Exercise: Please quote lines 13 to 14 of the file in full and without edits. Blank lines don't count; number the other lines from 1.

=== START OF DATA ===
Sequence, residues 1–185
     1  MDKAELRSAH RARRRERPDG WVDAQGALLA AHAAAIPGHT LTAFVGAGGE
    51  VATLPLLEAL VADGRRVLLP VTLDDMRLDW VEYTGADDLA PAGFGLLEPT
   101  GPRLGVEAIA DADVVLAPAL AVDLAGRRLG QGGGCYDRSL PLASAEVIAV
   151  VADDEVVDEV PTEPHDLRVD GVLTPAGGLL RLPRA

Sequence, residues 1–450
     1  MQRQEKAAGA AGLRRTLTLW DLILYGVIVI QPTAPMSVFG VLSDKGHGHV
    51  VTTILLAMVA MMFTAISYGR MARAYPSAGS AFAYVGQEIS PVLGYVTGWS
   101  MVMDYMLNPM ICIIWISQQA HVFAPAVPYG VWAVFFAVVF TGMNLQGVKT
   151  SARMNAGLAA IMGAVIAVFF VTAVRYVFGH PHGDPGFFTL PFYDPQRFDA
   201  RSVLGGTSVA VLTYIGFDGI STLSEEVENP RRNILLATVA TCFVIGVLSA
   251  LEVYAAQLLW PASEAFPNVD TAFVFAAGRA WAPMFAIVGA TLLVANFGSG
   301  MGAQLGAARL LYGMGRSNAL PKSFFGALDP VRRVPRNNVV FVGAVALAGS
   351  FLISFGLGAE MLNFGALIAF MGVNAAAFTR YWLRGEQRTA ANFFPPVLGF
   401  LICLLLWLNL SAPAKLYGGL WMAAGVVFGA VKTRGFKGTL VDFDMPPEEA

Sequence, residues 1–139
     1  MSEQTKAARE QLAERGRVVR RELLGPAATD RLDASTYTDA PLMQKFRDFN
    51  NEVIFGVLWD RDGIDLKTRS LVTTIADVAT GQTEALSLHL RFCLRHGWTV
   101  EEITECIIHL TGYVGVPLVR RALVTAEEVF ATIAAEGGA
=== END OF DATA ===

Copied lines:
   301  MGAQLGAARL LYGMGRSNAL PKSFFGALDP VRRVPRNNVV FVGAVALAGS
   351  FLISFGLGAE MLNFGALIAF MGVNAAAFTR YWLRGEQRTA ANFFPPVLGF